On Wednesday the Irish trade union movement said it could not support the treaty, which would tighten budget rules and introduce penalties for states that break the rules…
Opinion polls show a slim majority (30 per cent) in favour, with 23 per cent against. But with 39 per cent of the public undecided concern is rising in government circles that opinion could swing against the treaty during the campaign, as it did in 2008 when Ireland rejected the Lisbon treaty.
“The trade unions’ position shows the naysayers are growing. You can see from studying social media there is a higher degree of anti-European rhetoric for this referendum,” said David Farrell, professor of politics at University College Dublin.
He said the government faced a challenge in the referendum campaign because of a combination of a backlash against austerity, a lack of knowledge about the treaty and the threat that events in France and the Netherlands could feed into the campaign.
The South East Region of People’s Movement, which is a non party political organisation will be campaigning for a No vote in the referendum on 31st May next.
The grandly titled “Treaty on Stability, Coordination and Governance in the Economic and Monetary Union” is supposedly about “stability” in the Eurozone. Yet the treaty warns us that money from the new permanent European Stability Mechanism bailout fiund will only be given to States that have ratified it.
The Economic and Monetary Union which Ireland signed up to under the 1992 Maastricht and 2009 Lisbon Treaties assumed that the 3% and 60% of GDP deficit rules for every Eurozone State would be abided by and enforced by means of the sanctions - warnings, special deposits, fines etc. - which are set out in those treaties.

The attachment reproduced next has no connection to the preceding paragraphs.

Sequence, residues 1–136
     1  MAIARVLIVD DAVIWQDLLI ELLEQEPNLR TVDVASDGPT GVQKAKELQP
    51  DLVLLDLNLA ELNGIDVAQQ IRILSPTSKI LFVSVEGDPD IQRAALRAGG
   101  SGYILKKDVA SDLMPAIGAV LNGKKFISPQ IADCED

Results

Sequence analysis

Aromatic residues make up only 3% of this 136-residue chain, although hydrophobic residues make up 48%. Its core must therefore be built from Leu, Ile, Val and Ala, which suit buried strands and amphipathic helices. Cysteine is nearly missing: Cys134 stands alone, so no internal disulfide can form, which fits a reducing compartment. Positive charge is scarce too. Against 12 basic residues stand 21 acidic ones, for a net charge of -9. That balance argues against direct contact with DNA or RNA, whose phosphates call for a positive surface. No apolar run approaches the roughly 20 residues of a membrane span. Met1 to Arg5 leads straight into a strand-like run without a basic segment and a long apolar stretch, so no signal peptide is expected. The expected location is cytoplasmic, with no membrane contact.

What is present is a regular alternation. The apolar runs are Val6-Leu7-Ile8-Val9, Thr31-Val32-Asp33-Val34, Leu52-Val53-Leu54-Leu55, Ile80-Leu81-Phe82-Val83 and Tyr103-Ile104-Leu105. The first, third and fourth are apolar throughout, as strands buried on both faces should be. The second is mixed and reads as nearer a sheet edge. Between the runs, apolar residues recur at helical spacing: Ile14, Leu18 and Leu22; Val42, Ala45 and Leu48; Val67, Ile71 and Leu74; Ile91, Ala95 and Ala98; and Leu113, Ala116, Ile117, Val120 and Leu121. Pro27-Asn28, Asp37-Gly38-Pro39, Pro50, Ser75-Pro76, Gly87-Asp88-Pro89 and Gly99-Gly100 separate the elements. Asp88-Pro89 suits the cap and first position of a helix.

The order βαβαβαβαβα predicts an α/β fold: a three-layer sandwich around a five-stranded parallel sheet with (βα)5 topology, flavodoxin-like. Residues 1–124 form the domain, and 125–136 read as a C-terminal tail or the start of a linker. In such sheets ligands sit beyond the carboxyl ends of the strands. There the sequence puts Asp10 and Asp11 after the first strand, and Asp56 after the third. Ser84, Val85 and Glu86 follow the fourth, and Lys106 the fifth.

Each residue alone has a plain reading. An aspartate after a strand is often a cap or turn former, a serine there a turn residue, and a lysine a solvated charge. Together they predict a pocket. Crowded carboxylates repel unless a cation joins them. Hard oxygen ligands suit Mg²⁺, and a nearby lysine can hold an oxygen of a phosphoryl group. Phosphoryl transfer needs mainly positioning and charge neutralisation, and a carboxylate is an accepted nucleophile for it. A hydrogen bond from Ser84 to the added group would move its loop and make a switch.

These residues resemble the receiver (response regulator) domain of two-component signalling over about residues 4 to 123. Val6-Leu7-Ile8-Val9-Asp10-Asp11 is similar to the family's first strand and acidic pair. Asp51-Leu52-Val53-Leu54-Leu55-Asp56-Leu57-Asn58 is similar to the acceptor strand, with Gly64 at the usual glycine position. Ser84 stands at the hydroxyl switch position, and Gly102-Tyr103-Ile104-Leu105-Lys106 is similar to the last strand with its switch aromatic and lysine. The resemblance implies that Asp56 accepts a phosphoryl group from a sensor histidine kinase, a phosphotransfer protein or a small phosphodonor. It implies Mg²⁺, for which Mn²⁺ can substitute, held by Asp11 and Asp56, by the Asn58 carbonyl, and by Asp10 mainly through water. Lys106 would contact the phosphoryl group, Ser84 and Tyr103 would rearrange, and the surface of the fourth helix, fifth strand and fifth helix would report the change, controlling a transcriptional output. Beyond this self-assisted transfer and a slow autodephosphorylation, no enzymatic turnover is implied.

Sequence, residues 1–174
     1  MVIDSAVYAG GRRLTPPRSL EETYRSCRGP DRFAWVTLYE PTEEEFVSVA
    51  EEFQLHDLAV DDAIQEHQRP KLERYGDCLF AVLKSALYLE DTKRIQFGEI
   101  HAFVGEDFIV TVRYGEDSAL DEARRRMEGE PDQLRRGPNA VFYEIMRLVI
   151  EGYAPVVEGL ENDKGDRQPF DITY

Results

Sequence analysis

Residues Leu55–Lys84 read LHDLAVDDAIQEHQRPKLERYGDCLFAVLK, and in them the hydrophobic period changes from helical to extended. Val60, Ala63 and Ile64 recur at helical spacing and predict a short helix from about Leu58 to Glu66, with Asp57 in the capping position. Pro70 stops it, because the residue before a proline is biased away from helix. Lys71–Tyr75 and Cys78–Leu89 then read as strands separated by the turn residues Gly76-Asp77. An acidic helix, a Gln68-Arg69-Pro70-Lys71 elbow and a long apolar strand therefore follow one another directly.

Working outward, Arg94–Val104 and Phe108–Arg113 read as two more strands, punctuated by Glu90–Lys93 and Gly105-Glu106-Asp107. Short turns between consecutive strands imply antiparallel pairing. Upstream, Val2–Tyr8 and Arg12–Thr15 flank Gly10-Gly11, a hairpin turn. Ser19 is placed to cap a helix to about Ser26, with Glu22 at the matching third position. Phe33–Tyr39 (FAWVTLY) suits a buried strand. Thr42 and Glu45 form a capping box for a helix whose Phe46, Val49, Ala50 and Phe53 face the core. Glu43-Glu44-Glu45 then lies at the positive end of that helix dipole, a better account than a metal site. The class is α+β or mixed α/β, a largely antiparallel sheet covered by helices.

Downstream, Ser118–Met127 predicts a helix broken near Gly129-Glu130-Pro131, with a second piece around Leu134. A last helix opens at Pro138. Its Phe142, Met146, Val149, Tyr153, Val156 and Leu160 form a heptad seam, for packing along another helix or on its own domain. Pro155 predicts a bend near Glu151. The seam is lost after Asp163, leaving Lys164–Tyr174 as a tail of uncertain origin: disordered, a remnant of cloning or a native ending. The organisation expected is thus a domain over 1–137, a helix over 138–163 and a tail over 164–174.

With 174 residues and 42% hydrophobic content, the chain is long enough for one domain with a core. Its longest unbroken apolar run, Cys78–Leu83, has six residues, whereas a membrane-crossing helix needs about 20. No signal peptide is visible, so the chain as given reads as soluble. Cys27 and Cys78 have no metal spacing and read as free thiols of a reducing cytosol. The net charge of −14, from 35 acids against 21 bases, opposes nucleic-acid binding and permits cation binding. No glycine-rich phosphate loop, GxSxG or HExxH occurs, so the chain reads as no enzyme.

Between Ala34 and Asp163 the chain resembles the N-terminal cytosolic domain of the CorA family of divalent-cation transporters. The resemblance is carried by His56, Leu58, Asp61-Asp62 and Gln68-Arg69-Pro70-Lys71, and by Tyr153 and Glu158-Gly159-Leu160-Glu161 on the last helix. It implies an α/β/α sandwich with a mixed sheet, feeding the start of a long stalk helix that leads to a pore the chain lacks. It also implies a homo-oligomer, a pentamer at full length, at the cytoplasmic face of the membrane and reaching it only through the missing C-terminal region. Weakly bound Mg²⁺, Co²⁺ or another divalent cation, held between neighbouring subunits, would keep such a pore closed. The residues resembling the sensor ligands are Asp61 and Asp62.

If they had been and if the rules of the EU treaties had been enforced for all, there would have been no sovereign debt crisis in the Eurozone and no need for any Eurozone bailout fund. When Germany and France broke the rules of the EMU by running big government deficits in 2003, the EU treaty sanctions to enforce the 3% and 60% deficit rules were not applied against them, and they were thereafter effectively dropped for everyone else.
Ireland did not break these excessive deficit rules, yet now is being threatened that unless it votes to permanently hands over virtually the whole area of budgetary policy to the Eurozone we will not be able to access funding from the European Stability Mechanism should we require it in 2013. We have a gun to our head or so the supporters of the treaty would want us to believe.
In fact Ireland would have a number of options in this event: -
Most economists regard a permanent balanced budget rule as absurdly inflexible. Governments need to run deficits on occasion to stimulate their economies and expand economic demand when that slumps heavily in their domestic or foreign markets.
In considering the possible implications of all this it is worth bearing in mind that in 2014, just two years time, under the Lisbon Treaty Germany’s vote in making EU laws will double from its present 8% of total Council votes to 16%, while France’s and Italy’s vote will go from their present 8% each to 12% each, and Ireland’s vote will halve to 1 %.This would be the context in which we had surrendered much of the stuff of national decision making and normal party politics from the arena of democratic consideration and debate.